Ag Groups Respond To Harmful Algae Prediction

NOAA calls for a big bloom of harmful algae in Lake Erie, but farm organizations say they are doing their part to control phosphorous moving into the lake.

Published on: Jul 8, 2013

Officials with the National Oceanic and Atmospheric Administration have forecasted that harmful algal blooms in Lake Erie this summer will be larger than last year. However, they are also predicting they will be nowhere near as large as the record bloom of 2011. In a recent press conference the agency said the bloom could cover 300 square miles of the lake this summer. That is about one fifith the size of the 1,600 square mile bloom that formed on the lake in 2011.

Phosphorous loading from fertilizers, manure and sewage are the main cause of the blooms according to the officials. Heavy rains this spring are this spring have already carried 262 tons of dissolved phosphorous intot he lake, according to reports from the Water Quality lab at Heidelberg College.

Ag Groups Respond To Harmful Algae Prediction
Ag Groups Respond To Harmful Algae Prediction

Ag groups responded to the announcement by noting they are doing their part to maintain and improve the health of Ohio's waterways. 

More than $1 million is being invested by Ohio's agricultural organizations – including the Ohio Soybean Council, Ohio Small Grains Marketing Program and the Ohio Corn Marketing Program – to conduct on-farm, edge-of-field testing in partnership with The Ohio State University, OSU Extension and the U.S. Department of Agriculture's Agricultural Research Service, according to a release from the Ohio Corn & Wheat Growers Association and the Ohio Soybean Councild

"Technology and advanced farm equipment are also helping farmers accurately apply the right source of fertilizer at the right time, in the right place and with the right amount – thus producing more with less. This is known as 4R stewardship," the groups noted.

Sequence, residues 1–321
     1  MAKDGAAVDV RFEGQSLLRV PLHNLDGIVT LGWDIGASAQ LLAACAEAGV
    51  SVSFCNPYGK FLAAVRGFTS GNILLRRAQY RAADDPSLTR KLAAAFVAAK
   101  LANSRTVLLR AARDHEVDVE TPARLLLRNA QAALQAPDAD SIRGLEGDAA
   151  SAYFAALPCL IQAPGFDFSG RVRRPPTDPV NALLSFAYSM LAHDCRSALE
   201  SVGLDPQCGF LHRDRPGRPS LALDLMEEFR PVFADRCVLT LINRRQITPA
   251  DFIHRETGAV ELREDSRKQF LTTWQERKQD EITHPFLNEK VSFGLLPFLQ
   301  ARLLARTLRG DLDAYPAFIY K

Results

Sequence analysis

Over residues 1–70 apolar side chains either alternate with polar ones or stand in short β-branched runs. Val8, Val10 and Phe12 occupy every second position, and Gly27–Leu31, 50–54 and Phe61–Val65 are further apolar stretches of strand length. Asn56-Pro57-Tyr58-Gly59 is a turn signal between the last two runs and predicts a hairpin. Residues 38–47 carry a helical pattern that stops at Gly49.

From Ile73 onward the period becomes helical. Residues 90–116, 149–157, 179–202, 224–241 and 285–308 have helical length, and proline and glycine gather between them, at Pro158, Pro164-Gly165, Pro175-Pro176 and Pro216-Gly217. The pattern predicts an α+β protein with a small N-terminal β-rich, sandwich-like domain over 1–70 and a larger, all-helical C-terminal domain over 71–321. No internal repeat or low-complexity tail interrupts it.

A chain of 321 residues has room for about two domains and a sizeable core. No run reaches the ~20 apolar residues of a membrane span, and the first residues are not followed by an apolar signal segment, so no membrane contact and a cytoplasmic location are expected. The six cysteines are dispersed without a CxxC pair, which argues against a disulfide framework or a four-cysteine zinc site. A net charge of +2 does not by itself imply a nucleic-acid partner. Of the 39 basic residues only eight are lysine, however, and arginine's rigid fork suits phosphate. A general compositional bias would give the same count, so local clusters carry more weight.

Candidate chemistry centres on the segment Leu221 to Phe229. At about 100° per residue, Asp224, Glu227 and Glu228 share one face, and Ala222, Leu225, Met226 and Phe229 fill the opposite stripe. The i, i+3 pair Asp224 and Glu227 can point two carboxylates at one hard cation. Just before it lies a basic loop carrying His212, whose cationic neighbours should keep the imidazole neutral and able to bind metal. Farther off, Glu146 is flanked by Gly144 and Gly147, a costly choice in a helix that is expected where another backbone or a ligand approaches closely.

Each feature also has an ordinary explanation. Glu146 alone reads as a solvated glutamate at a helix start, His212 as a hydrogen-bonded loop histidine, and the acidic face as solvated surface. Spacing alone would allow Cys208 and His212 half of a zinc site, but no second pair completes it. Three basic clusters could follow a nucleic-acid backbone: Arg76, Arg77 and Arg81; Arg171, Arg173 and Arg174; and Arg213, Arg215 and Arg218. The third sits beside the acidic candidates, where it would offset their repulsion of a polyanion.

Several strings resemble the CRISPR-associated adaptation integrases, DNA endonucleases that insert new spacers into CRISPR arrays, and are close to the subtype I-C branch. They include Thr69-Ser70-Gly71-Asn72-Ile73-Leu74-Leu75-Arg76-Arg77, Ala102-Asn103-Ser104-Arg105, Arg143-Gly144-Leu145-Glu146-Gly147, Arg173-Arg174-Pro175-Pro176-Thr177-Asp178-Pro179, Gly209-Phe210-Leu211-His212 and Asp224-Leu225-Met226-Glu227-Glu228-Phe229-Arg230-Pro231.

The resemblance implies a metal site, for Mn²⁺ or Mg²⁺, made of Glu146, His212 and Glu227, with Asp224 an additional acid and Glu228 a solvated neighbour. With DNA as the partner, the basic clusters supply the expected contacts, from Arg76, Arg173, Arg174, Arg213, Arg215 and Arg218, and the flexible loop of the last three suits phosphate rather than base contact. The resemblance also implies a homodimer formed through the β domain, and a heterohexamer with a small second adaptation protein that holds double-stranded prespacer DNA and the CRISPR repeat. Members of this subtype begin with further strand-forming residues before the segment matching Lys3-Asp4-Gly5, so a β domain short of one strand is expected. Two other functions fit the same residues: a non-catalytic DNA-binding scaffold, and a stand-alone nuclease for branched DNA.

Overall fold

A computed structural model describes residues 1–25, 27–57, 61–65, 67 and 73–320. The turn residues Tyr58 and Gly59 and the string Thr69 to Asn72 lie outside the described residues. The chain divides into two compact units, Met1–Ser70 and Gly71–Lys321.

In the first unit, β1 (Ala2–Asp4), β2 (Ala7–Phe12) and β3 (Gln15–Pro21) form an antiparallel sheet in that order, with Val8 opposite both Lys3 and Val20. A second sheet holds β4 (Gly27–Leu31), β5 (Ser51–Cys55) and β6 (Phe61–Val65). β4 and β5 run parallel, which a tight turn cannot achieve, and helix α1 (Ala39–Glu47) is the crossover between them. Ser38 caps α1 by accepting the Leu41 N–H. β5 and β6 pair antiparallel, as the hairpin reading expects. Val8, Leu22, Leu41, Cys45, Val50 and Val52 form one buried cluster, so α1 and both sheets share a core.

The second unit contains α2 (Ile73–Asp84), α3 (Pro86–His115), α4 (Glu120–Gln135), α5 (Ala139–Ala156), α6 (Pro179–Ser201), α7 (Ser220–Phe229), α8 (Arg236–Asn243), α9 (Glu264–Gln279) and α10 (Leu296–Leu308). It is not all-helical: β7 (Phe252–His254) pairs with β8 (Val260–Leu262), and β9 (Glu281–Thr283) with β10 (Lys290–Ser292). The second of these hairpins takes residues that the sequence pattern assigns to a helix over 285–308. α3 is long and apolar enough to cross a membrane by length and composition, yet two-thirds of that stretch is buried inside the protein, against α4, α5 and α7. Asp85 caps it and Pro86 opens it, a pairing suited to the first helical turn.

Experts with Ohio State University's College of Food, Agricultural, and Environmental Sciences continue to work with farmers statewide to offer steps agriculture can take to continue to lessen the potential for runoff from farmlands. 

Farmers are concerned about nutrient loss, believing that it is likely to have a negative impact on water quality and profit potential, says Greg LaBarge, an Ohio State University Extension field specialist and one of the leaders of the OSU Agronomic Crops Team.

Phosphorus fertilizer is essential to Ohio crop production for food, fuel and fiber, LaBarge says. 

"We are continuing to look for best management practices farmers can implement to reduce farm field phosphorus lost into water resources, which increases the potential for harmful algal blooms," he says. 

Algal blooms have been an issue in Lake Erie since the 1960s. The blooms, which are harmful to wildlife and humans, occur when phosphorus levels are high within the lake. These levels decreased during the 1980s and 1990s in part due to soil-conserving best management practices implemented by farmers, but within the last decade water quality monitoring has revealed an increase in dissolved reactive phosphorus (DRP).

The National Oceanic and Atmospheric Administration today (7/2) forecast that the 2013 western Lake Erie harmful algal bloom will be larger than last year but considerably less than the record-setting 2011 bloom.

While current causes of the DRP increase are unidentified, experts believe increased rain events of more than one inch, fertilizer placement and legacy soil test levels play a role, LaBarge said.